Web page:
RE: very principle question

From: Helmut Vincke <>
Date: Tue, 19 Apr 2011 15:03:51 +0000

Dear Alberto

Thanks for your answers. However, your answer triggers some more detailed
questions and comments:

5 keV protons: if it is almost immediately stopped depends on the
composition and above all the density of the material. Moreover, the upper limit
for charged protons (as primary) is 100 keV, an energy which is sufficient to
cross the whole gas volume of a TEPC detector.

The difference of secondaries and primaries is much stronger for anti-neutrons,
namely a factor of 10000. Can you tell me the explanation for that one?

We have even another case where we have a factor of 10 for the upper
transport limit: namely photons: primary: 10000 TeV in contrary to secondaries:
1000 TeV. Please tell us if this is a spelling mistake. In case it isn't
please explain the reason.

As a user I would like to have a list telling me the limits of reliability
(this term needs to be defined by the one who provides the list) of FLUKA
for each particle type. No matter if any other part of the particle history
or if other secondaries are dominating the quantities I score.


-----Original Message-----
From: Alberto Fasso=20
Sent: 19 April 2011 15:30
To: fluka-discuss (
Cc: Helmut Vincke; Chris Theis; Stefan Roesler
Subject: Re: very principle question

Dear Helmut,

those are not thresholds! They are *suggested* transport limits.
The "further transport" is the same for primaries and secondaries.
Common sense tells you that if the transport threshold of protons (yes,
this time I am talking about an actual threshold) is 1 keV, it would not make
much sense to start a primary proton of 5 keV to be almost immediately stopped.
But it can be done, nothing prevents you to do it: it would just be silly.
On the other hand, if in the course of a hadronic cascade a 5 keV secondary
proton is generated, transporting it makes sense.

There is also another reason. The transport limits you are referring to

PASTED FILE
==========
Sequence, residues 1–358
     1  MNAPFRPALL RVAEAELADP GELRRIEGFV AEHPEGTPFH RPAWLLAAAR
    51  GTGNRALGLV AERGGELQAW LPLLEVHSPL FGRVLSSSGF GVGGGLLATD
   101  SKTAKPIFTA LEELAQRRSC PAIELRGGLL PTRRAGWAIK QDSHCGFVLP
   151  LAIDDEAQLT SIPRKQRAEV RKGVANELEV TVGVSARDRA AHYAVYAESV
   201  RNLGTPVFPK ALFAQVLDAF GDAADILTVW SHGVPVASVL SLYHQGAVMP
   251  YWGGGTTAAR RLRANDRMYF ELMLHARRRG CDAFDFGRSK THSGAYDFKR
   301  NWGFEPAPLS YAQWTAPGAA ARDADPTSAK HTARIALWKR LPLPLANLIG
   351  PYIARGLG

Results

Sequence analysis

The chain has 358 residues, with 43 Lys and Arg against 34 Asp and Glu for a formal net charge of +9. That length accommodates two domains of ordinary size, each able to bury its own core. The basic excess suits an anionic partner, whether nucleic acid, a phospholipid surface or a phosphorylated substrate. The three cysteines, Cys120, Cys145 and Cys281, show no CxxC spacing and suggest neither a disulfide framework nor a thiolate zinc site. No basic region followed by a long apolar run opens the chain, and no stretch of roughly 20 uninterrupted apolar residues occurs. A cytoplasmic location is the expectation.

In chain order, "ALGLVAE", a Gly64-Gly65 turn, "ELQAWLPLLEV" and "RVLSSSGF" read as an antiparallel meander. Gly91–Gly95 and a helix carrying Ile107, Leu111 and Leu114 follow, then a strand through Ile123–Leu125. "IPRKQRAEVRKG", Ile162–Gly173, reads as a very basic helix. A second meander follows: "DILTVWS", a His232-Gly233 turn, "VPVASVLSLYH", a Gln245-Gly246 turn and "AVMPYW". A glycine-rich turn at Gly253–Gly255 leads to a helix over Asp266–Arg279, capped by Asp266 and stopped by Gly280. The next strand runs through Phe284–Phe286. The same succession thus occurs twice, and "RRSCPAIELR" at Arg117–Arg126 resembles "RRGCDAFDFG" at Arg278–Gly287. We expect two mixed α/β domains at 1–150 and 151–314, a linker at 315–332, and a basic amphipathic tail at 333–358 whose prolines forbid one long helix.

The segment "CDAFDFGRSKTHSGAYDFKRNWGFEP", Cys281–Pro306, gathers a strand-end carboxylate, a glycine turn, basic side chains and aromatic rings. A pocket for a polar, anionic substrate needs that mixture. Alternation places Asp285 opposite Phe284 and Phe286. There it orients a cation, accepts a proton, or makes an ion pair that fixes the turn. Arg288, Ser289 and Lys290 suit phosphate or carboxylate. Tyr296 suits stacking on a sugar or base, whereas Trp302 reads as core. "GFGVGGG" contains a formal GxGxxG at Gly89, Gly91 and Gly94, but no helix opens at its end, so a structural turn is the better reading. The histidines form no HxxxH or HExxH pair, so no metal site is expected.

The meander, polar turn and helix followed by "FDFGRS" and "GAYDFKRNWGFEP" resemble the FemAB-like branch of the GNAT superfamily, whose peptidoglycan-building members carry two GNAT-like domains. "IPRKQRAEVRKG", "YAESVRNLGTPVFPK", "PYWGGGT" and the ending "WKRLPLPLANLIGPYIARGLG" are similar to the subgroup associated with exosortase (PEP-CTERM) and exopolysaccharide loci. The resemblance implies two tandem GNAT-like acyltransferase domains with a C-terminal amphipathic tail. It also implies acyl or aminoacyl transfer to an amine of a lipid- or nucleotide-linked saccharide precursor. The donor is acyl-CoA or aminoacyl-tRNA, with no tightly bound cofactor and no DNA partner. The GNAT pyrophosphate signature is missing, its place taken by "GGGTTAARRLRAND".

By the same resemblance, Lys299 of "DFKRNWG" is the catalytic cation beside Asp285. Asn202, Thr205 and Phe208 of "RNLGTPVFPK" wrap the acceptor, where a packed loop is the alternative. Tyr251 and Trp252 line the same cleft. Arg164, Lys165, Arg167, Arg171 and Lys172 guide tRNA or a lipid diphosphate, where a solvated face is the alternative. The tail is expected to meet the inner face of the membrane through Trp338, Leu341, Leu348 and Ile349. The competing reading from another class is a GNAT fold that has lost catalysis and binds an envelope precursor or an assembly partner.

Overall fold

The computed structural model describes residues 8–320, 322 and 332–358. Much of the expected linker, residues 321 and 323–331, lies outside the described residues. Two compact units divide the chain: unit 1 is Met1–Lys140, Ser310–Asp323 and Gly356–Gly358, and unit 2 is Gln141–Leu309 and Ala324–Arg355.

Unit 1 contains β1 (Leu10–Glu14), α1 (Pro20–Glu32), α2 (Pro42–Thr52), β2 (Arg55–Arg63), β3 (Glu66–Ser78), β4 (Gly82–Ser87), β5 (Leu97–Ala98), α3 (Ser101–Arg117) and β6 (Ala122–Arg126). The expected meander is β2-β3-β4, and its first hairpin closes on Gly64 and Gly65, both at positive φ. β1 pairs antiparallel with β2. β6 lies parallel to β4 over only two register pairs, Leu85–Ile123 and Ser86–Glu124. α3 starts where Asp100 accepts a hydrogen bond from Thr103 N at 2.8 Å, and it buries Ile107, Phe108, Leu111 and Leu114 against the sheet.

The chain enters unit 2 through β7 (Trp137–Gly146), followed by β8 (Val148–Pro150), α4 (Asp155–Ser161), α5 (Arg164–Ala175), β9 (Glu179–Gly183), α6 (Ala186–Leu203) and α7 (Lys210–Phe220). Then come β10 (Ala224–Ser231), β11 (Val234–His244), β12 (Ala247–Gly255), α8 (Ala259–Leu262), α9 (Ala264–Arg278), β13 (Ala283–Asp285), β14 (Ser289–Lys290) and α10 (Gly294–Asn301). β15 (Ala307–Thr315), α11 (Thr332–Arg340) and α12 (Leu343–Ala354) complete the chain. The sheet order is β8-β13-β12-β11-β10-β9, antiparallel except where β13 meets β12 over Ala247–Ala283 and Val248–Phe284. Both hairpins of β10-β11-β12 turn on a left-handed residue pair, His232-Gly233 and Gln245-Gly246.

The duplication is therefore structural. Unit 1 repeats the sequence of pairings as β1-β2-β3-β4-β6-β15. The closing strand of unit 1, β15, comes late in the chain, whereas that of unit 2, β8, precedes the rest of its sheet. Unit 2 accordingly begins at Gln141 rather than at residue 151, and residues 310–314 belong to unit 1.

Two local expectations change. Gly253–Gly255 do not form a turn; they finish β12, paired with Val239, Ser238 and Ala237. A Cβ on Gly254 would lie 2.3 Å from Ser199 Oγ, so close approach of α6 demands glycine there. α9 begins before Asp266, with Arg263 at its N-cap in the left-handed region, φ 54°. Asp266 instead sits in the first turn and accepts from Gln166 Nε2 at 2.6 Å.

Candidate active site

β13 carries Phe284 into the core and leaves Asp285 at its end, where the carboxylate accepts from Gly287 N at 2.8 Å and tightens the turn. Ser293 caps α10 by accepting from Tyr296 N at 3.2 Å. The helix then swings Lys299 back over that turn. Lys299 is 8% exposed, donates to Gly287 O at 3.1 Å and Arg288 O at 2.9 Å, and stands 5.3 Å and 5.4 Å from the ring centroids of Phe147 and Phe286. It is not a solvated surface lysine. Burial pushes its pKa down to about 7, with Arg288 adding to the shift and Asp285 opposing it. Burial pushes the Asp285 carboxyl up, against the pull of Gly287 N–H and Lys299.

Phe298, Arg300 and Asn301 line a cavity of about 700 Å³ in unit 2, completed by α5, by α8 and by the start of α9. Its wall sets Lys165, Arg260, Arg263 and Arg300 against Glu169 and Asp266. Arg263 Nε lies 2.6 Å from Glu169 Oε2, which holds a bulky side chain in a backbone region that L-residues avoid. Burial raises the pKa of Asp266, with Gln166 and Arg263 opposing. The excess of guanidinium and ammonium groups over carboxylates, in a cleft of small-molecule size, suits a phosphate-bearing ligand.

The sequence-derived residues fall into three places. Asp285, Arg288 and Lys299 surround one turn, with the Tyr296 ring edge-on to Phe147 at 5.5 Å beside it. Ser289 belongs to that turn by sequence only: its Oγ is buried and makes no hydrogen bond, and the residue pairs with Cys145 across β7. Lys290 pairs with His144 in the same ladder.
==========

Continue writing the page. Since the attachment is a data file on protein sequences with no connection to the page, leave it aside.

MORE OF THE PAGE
are due to the fact that the accuracy of transport and interaction models
becomes gradually worse as energy gets close to them. But they are not "sharp"
limits: the physics of proton transport is not "good" at 101 keV and "bad" at
99 keV. The limits reported in the manual are just an indication to the
user of *about* the lowest primary or secondary energy which can give you
good results.
Why different for primary and secondary? Because the whole pattern of energy
deposition, nuclear reactions etc. is dominated by primaries: transport
of secondaries improves it, but is less critical. Therefore, it is more
important to have "optimum" physics for primaries than for secondaries.
For the same reason, with some DEFAULTS the threshold for performing multiple
scattering is lower for primaries than for secondaries.


On Mon, 18 Apr 2011, Helmut Vincke wrote:

> Dear FLUKA users and authors
> When I am looking at the transport limits of FLUKA I see different
> limits for secondary and primary particles.
> The lower threshold for secondaries is always below the corresponding
> lower threshold of primary particles (differences up to a factor 1E4).
> From my understanding the origin of the particle (either produced in
> an interaction or started from a given point by the user) should not
> make a difference for the further transport of this particle.
> I attach the transport limits of FLUKA, as they are listed in the manual.
> I would be grateful if you could explain me the difference.
> Thanks in advance
> Best regards
> Helmut
> Transport limits listed in the FLUKA memory:
> Secondary particles Primary particles
> charged hadrons 1 keV-20 TeV (*) 100 keV-20 TeV (*) (**)
> neutrons thermal-20 TeV (*) thermal-20 TeV (*)
> antineutrons 1 keV-20 TeV (*) 10 MeV-20 TeV (*)
> muons 1 keV-1000 TeV 100 keV-1000 TeV (**)
> electrons 1 keV-1000 TeV 70 keV-1000 TeV (low-Z
> materials) (**)
> 150 keV-1000 TeV (high-Z materials) (**)
> photons 100 eV-1000 TeV 1 keV-10000 TeV
> heavy ions<10000 TeV/n<10000 TeV/n
> (*) upper limit 10 PeV with the DPMJET interface
> (**) lower limit 10 keV in single scattering mode
Received on Tue Apr 19 2011 - 17:52:01 CEST

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